In developing your prospectus, you should make sure that data is available to conduct the analyses required to answer your research question. For ECO 494, you do not need complete all data collection for your thesis. However, you do need to confirm that sufficient data is available to answer your research question. If it is not, you may need to engage in the time-consuming process of re-thinking and re-writing your literature review and introduction at a later date. This will likely compromise your ability to complete the thesis in a timely manner.
Your thesis advisor will make editorial comments on these sections and return them to you before ECO 495 begins.
Students typically have a series of vague ideas for their senior thesis topic. More often than not, the ideas are topics of particular interest from economics courses you have already completed. The difficulty lies in narrowing that idea or ideas into a researchable question. For instance, you might be interested in exchange rate movements or environmental regulation. Of course, environmental regulation is too large a topic for a single paper. An appropriate research in the field of environmental regulation might be: what is the effect of recent rule changes on brownfield redevelopment in New Jersey ? Likewise, “exchange rate movements” is too broad. An appropriate researchable question in the field of international finance might be: what were the determinants of the dollar/peso exchange rate from 1980-1998?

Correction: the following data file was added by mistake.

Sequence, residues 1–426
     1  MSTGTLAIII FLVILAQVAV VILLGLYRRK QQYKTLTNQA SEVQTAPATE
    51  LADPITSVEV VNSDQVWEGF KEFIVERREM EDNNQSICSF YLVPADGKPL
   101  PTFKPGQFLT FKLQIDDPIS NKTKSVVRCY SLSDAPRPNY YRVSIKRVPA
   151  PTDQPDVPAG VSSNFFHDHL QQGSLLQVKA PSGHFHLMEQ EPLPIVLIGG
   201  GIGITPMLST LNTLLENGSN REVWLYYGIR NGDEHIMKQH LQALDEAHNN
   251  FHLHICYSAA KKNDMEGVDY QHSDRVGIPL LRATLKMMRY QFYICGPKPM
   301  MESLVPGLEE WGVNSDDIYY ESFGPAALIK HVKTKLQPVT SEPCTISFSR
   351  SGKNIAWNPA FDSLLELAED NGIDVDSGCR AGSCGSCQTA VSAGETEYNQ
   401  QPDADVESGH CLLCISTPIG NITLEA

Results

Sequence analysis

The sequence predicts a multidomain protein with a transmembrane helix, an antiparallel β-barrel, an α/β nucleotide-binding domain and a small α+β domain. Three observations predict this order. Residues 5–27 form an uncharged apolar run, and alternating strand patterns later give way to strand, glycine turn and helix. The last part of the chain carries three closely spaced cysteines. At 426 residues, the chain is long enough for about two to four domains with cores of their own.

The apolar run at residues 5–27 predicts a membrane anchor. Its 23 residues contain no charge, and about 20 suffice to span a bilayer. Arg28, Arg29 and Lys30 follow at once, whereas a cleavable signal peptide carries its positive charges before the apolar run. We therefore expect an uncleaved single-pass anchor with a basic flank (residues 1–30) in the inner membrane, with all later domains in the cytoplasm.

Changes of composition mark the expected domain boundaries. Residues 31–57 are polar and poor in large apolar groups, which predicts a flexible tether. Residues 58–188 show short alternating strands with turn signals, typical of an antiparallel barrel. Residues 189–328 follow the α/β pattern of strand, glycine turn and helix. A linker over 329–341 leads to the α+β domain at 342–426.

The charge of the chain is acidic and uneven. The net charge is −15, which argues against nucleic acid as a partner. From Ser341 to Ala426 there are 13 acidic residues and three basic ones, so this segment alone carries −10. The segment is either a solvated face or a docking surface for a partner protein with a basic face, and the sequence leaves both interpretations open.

A good place to begin narrowing your idea is to start with an article or book you found interesting and decide if it raises a question you would like to explore further. You can start with the citations in that article, and build a bibliography by working backward from the citation list.
If you are looking for a researchable question, check Econlit. Econlit is the American Economic Association’s electronic bibliography of economic literature. Type in some search terms related to your topic and read through the abstracts that meet your search terms. Are there unanswered questions in the papers? Is there a way to use a different data set or empirical strategy to get a different angle on an issue already studied? Is there a controversial or interesting claim that could be retested using a different data set? This is perhaps the most difficult part of the thesis and it is advisable to seek help from a faculty member before settling on a topic. Other databases of economics and economics- related journal articles include: ABI / Inform Global; Science Direct; and Academic Search Premier.